Also in 1978 — again, just four years before Kavanaugh allegedly pressed his hand over Ford’s mouth to stifle her screams — the National Coalition Against Sexual Assault was established. Most student-age girls didn’t know about coalitions or crisis centers. Here’s what we knew: On the immensely popular soap opera “General Hospital,” Luke Spencer raped Laura Webber to an accompanying up-tempo dance number, “Rise.” Audiences resonated so much with the couple that ABC rebranded Laura’s rape as seduction. Then in 1981, Laura married her rapist Luke on what remains the highest rated episode in soap opera history.

It was only 20 years ago, in 1998, that Mississippi became the last state in our union to drop “lack of chastity” of the victim as a defense in rape trials — even statutory rape. Victims were required to be virgins previous to their attacks, or it wasn’t rape. I was not chaste.

By the late ’90s the only time I broached the subject of being raped was when I was so hammered the story vomited out. One guy, after I’d slept with him and drunkenly told him, said, “If you hadn’t been so easy for me, I would have raped you, too.” He said it in a throaty voice, as if this was a sexy compliment.

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As recently as six years ago the subject of sexual assault was still considered taboo. I’d finally written a memoir, but when my female editor read the rape scene she said, “Rape stories don’t sell” — unless I was a movie star or had been kidnapped and held prisoner. I wanted a book deal so I deleted the story. It’s there in the blank space on page 276.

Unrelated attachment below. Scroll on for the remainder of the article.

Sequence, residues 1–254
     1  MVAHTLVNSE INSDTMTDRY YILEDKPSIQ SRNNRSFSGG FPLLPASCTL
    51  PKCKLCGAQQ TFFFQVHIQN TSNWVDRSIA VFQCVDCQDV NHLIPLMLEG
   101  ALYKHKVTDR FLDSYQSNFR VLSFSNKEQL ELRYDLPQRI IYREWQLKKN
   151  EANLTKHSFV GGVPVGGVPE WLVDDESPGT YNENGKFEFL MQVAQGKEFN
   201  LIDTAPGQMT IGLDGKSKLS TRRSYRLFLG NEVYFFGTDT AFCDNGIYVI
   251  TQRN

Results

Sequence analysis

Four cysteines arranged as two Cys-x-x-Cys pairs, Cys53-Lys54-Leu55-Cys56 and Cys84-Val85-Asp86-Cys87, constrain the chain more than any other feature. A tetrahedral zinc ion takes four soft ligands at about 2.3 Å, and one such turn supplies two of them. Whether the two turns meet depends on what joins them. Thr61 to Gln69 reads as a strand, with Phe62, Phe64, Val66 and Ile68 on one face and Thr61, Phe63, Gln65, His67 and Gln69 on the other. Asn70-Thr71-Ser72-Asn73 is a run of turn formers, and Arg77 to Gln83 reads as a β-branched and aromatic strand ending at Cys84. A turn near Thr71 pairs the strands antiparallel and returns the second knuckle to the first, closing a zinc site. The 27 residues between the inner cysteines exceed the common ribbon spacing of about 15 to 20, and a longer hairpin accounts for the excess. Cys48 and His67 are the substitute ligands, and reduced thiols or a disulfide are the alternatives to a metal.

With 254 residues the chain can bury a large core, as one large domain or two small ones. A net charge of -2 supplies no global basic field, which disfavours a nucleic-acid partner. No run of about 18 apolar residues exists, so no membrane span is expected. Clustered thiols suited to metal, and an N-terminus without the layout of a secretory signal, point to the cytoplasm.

Now, on Thursday, Christine Blasey Ford will sit before the Senate Judiciary Committee and, in front of the most public tribunal imaginable, share her story of sexual assault. It’s hard enough to describe such events to family and the police, painful to tell friends, uncomfortable to reveal to lovers. To do it in front of 11 Republican men who refuse to call for an FBI investigation or subpoena the only witness, Mark Judge, is an excruciating travesty — one that we all must endure beside her.

I don’t know if her testimony, or potentially that of Deborah Ramirez or Julie Swetnick, will derail Kavanaugh’s appointment. I do know that shame distorts all of us. At a dinner party in my 20s, when the conversation turned to fears of attacks and I’d had too many glasses of wine, I suddenly found myself sobbing, “I’m a rape survivor.” The room went silent. Nobody wants to hear our bad news. As victims, we are doubly shamed. Once for the crime committed against us, and again for daring to talk about it.

Don’t think it hasn’t occurred to me that I should have kept my mouth shut 40 years ago. My family might have fared better if I had. I might not have felt like such a pariah. I thought I escaped without being disfigured. I haven’t.

If women haven’t spoken up for decades, it’s not because the assaults didn’t happen. It was not the #MeToo era. It was the era of #WhyIDidntReport. We were frightened and shamed and denied an audience. And when no one listens, then there’s no protection, anywhere, for anyone.

Gabrielle Selz is the author of the memoir “Unstill Life.”